But at the same time, I don’t understand the rampant hate or the utter shock and disbelief towards Locklear for getting one of the least surprising team bids I’ve ever seen. If anything, Liukin is likely betting on the fact that one of those top bars gymnasts like Fan (who has a hit rate of 60% this year) or Seitz (who is always heavily docked for her execution internationally despite getting high scores at home) will end up not doing as well in Montreal as they have elsewhere, leaving room for Locklear to creep in for a medal the way so many gymnasts have earned medals at every major international meet basically ever. She might not be a frontrunner, but she has a better chance at a bars medal than anyone else being left at home, so if there’s even a slight chance they could get something out of her, they’re obviously going to take it.
Locklear ended up somehow being the controversial decision this year, but I have a feeling it’s more because everyone who cried about her not making it to Rio over Madison Kocian or Gabby Douglas in 2016 turned on her when she allegedly favorited a supportive tweet about Donald Trump than it is about her actual ability or lack thereof, as if a gymnast’s physical ability or potential in the sport is affected by her questionable taste in humans (she also favorited Obama tweets, by the way, so I’m guessing she’s politically confused at best). ¯\_(ツ)_/¯
But the least controversial decision was naming Carey to the team, the sole two-vault gymnast in the U.S., boasting an Amanar and a tsuk double — sorry, kas full — which gives her the highest combination of difficulty at worlds alongside China’s Wang Yan. Though her vaults have been kind of hit-or-miss with form, they looked great at camp yesterday, and it’s not like the vault field this year is full of Simone Biles clones. It’s actually pretty weak, form-wise, and Carey — who only just qualified to elite this spring — could very well pull off the second “how to go from level 10 to world champion in six months” magic for the U.S. in the past eight years. She’s also super powerful on floor, where a hit routine there could also get her a medal, so bam, easy decision for everyone.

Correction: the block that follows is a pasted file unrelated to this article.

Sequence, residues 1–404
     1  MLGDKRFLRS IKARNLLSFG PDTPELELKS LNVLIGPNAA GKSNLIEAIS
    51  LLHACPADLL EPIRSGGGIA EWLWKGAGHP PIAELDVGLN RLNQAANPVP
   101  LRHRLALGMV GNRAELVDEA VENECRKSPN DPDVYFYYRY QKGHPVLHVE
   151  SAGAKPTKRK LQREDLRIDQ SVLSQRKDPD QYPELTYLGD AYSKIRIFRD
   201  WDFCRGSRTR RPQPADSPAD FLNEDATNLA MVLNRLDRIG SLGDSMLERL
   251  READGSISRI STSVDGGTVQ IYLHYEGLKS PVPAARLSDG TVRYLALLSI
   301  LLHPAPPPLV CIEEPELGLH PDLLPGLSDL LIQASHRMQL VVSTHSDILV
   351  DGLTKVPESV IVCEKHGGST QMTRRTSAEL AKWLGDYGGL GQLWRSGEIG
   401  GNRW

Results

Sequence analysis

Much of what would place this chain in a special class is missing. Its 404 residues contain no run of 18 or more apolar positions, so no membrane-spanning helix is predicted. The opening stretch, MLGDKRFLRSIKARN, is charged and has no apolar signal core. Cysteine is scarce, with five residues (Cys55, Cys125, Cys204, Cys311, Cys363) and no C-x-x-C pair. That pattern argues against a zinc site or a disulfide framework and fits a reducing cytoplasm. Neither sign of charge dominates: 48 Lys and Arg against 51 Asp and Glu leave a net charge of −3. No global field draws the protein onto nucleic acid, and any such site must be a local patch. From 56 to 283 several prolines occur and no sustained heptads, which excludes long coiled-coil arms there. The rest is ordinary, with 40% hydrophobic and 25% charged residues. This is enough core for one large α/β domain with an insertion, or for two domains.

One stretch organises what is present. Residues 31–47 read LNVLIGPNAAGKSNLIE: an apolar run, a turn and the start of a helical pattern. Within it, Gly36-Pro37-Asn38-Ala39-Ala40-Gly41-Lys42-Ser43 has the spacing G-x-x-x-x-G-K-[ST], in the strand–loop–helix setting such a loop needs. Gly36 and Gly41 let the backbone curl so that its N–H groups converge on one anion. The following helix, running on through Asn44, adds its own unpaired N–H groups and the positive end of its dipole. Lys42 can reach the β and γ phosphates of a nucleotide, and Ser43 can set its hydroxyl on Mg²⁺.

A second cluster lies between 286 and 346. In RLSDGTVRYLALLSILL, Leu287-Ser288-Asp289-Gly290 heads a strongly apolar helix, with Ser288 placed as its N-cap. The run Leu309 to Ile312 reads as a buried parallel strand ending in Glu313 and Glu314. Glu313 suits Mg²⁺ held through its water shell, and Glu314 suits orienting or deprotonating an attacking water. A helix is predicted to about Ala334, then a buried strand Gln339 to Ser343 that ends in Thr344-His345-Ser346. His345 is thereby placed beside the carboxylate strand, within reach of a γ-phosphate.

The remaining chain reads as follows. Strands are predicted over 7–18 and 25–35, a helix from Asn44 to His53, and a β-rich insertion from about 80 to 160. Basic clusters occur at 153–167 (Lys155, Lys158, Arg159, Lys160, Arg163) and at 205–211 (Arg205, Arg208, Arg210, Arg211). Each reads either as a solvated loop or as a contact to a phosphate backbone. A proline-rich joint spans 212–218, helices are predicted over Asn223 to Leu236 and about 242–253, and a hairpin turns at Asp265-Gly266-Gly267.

The one big heartbreak for me this year was Chiles, who I thought at nationals showed she might actually pull off a worlds team bid despite coming back from the injury she sustained in her final year as a junior and then entering with a rocky start to her senior year, having to switch coaches, causing her to miss several crucial early-season competitions on top of the changes in her gym. She looked a little rough at classics, but managed to pull herself together to look mostly sharp at nationals, winning the silver medal in the all-around.
Her medal was mostly thanks to the score boost from her Amanar on day one, however, compared to the Yurchenko fulls performed by her biggest competition for silver, McCusker and Thomas. The rest of Chiles’ events were slightly behind those of her teammates, with nothing really a standout except for vault, but obviously she’d need to have a second vault if she wanted that to factor into her worlds decision (Chiles said following the competition that she was working on a Lopez, but it wasn’t ready by the time the selection camp came around).
I get why she didn’t make it this year. As with Thomas, it’s simply that she didn’t fit either as a top-two all-arounder at camp or as a valid specialist on any one event. And like Thomas, I think she’s one who hasn’t yet hit her stride, but instead shows potential for the coming years, especially as her Amanar will be incredibly valuable in a team competition.
Don’t sleep on these two yet just because they didn’t happen to make the most selective worlds team of the quad on their first try. They’ll be back, and so will many of those who didn’t fit this particular team at this point in their careers. Trust that you don’t know most of what’s going on at camp to make these decisions the best possible decisions for the team, and know that no matter who ended up being named, most of the nine gymnasts up for the four team spots could’ve been justified for one reason or another, but in a program where depth is a bittersweet problem to have, someone capable of great things is always going to get left behind.
Article by Lauren Hopkins